Tears rolled down my son's cheeks as he crawled into my lap.
"My tummy hurts, Mummy," Ryder, three, cried.
I stroked his forehead as he doubled over in agony. It broke my heart to see him so upset.
"We're going to get you better," I promised, praying I was right.
For the past month, Ryder had suffered all sorts of aches and pains. It had started when he came home from putt-putt one day, walking with a limp.
Within days he was suffering night sweats and sharp pains in his knees, tummy and back."It's just a virus," the GP shrugged dismissively.
As the weeks passed I saw five different doctors, but they all said the same thing.
"Something is wrong with my baby," I said to my sister, Simone. "There has to be some explanation."
At my wit's end, I left my older son, Caden, four, at kindergarten and took Ryder to hospital. The doctor listened as I blurted out the story again.
"Normally I'd agree with your GPs," she explained. "But since it's been five weeks we'll do a urine test and ultrasound."
We stayed in hospital overnight and the next day she gave us the results.
"We found a mass in Ryder's abdomen," she explained. "We'll need to look into it further to see if it's cancerous."
I dropped Ryder's hand and stumbled into the nearby bathroom so he wouldn't see me cry. There, I collapsed to the tiled floor sobbing.
Five doctors had brushed my fears aside but deep down I'd always known something was terribly wrong.
Specialists performed a biopsy and, days later, explained the results. "He has stage-four metastatic neuroblastoma," the doctor revealed, saying it was an extremely rare cancer that forms in nerve tissue.
"It's already spread to every part of his skeleton," she said.I blinked back tears and took a deep breath. "Could we lose him?" I choked.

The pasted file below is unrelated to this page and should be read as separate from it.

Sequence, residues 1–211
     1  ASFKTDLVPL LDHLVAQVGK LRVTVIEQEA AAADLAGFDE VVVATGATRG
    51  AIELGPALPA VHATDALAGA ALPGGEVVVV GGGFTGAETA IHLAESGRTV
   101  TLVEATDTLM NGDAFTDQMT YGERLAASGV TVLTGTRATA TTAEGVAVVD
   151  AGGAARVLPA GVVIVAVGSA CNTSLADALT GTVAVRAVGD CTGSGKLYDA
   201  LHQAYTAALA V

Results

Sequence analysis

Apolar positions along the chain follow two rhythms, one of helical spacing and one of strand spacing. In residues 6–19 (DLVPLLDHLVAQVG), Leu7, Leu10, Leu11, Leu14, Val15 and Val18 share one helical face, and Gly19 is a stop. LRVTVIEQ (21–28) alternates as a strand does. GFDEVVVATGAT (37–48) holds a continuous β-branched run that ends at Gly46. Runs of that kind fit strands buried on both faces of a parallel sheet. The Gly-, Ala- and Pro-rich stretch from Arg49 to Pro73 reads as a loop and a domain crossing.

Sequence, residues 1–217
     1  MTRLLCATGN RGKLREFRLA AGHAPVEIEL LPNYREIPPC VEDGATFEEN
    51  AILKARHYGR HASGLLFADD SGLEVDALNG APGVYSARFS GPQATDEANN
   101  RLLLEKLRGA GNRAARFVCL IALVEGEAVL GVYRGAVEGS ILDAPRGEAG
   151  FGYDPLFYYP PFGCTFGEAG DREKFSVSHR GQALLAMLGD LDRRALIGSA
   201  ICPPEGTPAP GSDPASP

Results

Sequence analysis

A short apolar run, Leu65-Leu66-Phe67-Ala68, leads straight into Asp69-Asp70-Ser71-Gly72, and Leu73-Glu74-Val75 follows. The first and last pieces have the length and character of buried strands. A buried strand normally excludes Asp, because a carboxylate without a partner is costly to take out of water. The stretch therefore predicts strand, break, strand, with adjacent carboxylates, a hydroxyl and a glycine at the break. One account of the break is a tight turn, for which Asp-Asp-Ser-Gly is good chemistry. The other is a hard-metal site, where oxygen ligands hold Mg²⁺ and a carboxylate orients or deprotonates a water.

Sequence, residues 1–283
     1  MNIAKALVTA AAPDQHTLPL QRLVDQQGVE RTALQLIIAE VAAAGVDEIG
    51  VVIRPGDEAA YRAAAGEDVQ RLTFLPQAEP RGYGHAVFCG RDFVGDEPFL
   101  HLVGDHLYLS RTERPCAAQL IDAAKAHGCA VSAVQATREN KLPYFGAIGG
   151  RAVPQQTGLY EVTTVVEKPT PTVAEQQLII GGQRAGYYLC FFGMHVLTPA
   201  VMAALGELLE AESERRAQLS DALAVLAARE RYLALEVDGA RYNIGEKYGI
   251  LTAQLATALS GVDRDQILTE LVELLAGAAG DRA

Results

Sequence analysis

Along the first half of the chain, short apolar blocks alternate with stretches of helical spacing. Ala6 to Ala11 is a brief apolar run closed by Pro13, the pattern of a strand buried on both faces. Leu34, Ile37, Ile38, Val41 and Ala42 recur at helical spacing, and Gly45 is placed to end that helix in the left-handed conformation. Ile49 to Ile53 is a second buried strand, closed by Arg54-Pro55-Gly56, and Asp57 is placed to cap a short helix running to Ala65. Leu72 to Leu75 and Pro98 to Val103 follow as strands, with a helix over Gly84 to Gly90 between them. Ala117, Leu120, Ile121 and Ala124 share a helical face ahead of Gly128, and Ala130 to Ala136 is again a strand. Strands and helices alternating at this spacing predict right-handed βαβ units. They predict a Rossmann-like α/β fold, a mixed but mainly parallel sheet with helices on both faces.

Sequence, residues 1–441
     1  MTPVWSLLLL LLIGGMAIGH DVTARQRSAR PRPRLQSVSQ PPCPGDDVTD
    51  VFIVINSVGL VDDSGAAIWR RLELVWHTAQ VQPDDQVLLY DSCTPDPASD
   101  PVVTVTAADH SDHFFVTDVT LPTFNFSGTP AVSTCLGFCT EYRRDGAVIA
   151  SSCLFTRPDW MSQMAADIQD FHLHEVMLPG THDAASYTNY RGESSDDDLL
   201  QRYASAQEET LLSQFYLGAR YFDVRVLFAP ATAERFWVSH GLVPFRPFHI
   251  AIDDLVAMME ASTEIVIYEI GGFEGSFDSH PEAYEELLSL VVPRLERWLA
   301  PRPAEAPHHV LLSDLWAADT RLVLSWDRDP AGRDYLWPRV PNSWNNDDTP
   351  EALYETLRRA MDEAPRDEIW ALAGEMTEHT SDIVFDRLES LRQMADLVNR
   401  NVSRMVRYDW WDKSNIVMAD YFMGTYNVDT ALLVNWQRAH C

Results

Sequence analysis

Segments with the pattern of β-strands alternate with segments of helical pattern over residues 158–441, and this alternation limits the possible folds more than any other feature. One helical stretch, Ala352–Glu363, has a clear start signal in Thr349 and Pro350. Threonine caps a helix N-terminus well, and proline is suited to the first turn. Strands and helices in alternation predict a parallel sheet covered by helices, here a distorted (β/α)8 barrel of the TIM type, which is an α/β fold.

She nodded gravely.
Doctors had already warned me that this could be the likely result and I'd researched the survival rate.
"Is there a 50 per cent chance I'll lose him?" I asked.
"Yes," she admitted.
I felt my world collapse around me. For the first time, I couldn't imagine Ryder growing old. Beating this cruel disease seemed impossible.
That afternoon, I was like a mad woman, taking dozens of photos of my boy. I was desperate to capture everything about him – his beautiful almond eyes, his cheeky grin, the way his blond hair fell over his forehead.
I couldn't bring myself to tell him what was wrong. Instead, I cuddled him to my chest.
"Your sore tummy will go away," I soothed. "The doctors will give you special medicine."
Neuroblastoma patients require a six-step treatment, including chemotherapy, surgery, transplants, radiation and immunotherapy.
The chemo made him queasy and nauseous as his immune system was so fragile, Caden wasn't allowed near his little brother. It broke my heart to see my boys separated and so upset.
After six rounds of chemo, surgeons removed Ryder's adrenal glands, where the cancer had originated. He woke up looking so thin and sickly with his shiny bald head.
When I took him home, I knew I couldn't lie to him or Caden any longer.
That afternoon, I pulled them onto my lap and read them a picture book called Lucy Has a Tumour.
Afterwards, Ryder grinned.
"That's what I've got!" he squealed. "I'm just like Lucy."I giggled for the first time in months. He was so brave.
Soon afterwards he had a transplant to replace the dead cells with healthy ones. It was an agonising process. Ryder started getting nightmares and I'd cuddle him close until he slept again. One morning his lip quivered as he told me about his dream.
"The cords doctors put in me got ripped out," he sobbed. "I was bleeding everywhere."
Now Ryder is four and he's started immunotherapy. He's been declared cancer-free, but most neuroblastoma kids relapse within months. And when they relapse their chance of survival is five per cent.
I'm determined to make sure he lives. My baby can't remember what life was like before he got sick and that isn't fair. He deserves to be happy and live a normal, healthy life.
Our only option is a trial vaccine in New York for neuroblastoma patients. It'll cost $300,000, but it would mean he has a chance of living beyond five. I don't want him to die, just because I don't have the money.
For the first time since he was diagnosed I'm filled with hope. Neuroblastoma is a horrible disease, but I won't stop fighting for my boy.
*To help Katherine and Ryder, visit https://au.gofundme.com/rydersjourneyustrial
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